Block or Die: Lessons from Orson Welles

Overhead blocking can save time and money—and maybe your entire production.

If you're a director, you’re the only person involved in the making of your film who knows how every piece of the puzzle will fit together in order to realize your unique vision. And there's no better way to announce your artistic presence than by pre-blocking.

You can pre-block for camera (where the camera stands or moves) and for action (actors' movement) by making shot lists with overhead plot diagrams. The pre-blocking process can make or break your film.

In my last article, The Top 13 Things New Filmmakers Should Think About But Rarely Do, the number 11 tip was "Block or Die." A little dramatic, but I think it’s appropriate. Blocking is crucial indeed. Here are some ways to do it well.

Pre-blocking with overhead floor plans

Pre-blocking with overhead floor plans is one of the simplest but most misunderstood and disregarded parts of the pre-production process. Anyone can sketch the diagrams; you don't have to be an artist to do an overhead plot. I'm living proof of this! I like to do them by hand on graph paper, but there are a lot of drawing apps out there. And whether it's a no-budget, low-budget, or big-budget shoot, pre-blocking and shot lists do not increase your spend by one penny. Good preparation doesn't cost a thing.

The perfect example: Orson Welles

Orson Welles was a master at dynamically staging scenes. Because deconstructing a perfectly choreographed scene is one of the best ways to analyze how blocking for camera and action were utilized, let’s reverse engineer a terrific scene and ask ourselves, "What did Orson do?"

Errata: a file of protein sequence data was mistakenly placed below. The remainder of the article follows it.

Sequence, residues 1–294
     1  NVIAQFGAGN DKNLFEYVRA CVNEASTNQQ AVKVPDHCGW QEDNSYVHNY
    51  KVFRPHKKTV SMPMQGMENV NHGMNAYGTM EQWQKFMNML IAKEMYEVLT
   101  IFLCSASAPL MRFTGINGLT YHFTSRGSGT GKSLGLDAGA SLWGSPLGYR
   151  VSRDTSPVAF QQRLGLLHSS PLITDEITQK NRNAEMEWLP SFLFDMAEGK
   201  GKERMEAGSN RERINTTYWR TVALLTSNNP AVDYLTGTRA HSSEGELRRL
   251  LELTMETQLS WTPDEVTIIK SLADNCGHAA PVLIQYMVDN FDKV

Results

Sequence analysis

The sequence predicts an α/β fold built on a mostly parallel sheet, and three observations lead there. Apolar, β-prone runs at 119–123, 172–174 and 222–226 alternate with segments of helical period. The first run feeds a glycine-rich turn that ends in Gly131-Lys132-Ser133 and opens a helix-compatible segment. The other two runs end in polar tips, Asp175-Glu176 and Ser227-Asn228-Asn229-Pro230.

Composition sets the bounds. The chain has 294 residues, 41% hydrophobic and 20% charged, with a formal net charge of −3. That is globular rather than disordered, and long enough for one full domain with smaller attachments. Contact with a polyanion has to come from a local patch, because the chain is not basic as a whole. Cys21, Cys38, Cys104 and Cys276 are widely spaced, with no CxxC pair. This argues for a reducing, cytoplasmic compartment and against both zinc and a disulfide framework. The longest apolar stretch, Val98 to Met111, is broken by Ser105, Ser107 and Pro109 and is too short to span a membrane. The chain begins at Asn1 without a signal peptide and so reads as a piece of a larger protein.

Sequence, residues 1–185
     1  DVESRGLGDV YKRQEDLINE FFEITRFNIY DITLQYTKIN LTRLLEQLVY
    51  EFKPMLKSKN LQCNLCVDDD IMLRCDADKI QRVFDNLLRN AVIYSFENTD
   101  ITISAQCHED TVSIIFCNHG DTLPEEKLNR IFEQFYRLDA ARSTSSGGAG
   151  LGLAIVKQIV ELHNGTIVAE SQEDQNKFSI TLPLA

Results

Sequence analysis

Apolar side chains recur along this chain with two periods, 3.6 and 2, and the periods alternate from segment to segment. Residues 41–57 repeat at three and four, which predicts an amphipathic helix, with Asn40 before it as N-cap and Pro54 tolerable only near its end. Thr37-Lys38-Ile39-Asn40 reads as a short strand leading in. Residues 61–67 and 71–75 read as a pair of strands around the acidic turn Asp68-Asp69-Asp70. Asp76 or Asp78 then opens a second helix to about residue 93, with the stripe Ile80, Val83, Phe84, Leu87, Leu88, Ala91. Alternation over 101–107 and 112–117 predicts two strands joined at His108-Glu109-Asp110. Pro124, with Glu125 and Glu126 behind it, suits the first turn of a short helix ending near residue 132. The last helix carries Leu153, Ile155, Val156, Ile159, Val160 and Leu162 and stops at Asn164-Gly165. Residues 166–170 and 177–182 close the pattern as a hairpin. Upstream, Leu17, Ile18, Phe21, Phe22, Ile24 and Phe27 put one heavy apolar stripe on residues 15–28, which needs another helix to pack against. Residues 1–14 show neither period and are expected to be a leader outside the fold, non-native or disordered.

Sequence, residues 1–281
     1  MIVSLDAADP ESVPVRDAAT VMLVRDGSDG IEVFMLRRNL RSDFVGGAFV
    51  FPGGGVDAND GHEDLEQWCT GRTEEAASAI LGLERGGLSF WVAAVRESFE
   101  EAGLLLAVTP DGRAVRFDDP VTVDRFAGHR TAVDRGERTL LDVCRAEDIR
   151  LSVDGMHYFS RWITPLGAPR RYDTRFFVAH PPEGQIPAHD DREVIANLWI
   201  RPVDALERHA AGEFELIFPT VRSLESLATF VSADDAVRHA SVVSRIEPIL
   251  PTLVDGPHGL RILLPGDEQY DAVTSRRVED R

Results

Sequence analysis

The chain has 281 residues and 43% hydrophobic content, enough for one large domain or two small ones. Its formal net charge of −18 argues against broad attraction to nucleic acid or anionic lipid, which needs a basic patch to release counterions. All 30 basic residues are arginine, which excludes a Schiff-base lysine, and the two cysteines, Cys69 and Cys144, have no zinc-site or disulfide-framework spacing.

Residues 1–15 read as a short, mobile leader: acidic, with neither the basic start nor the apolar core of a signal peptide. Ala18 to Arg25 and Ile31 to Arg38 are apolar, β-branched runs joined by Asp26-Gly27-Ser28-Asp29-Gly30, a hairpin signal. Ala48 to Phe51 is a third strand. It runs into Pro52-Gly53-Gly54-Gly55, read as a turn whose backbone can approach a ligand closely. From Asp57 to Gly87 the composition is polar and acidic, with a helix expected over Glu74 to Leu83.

Not unlike a human or animal anatomy class, below is a detailed examination of one scene from Citizen Kane, which enables us to study the structure, position, and interrelation of its various parts—otherwise known as the mise-en-scène. It's broken up to discover how and why these pieces fit together to give audiences an overall experience. We’ll watch this short scene twice; the second time, with my breakdown.

Overhead blocking diagrams and shot lists serve several extremely important purposes:

  1. Communication
    Foremost, they are essential for clear and concise communication between the director and the department heads, as well as for a more efficient shoot, staving off potential time-related disasters that could derail or kill your film.  Many ill-prepared directors have spent valuable shooting time arguing with their DP about what the next shot should be. The DP doesn't want to design your shots. That’s not their job. It's your job. And it allows them the freedom to come up with other ideas and shots that can only make your film better because you'll have the have extra time. Time burns money and there are never enough hours to shoot a lower-budget film. 
  2. Saving  time (and therefore $$)
    The best way to gain more time is to prep with diagrams and shot lists so everyone is on the same page. Sure, you can make a shot list consisting of Master Shot, CU Shot, Reverse CU Shot, Over The Shoulder Shot, Reverse Over The Shoulder Shot, Two Shot, maybe a Dolly Shot or two—and now you're into 20 takes and an entire day’s shooting. That method is archaic and was designed to make filmmaking less like art and more like manufacturing. There is a misconception that preparation is stifling.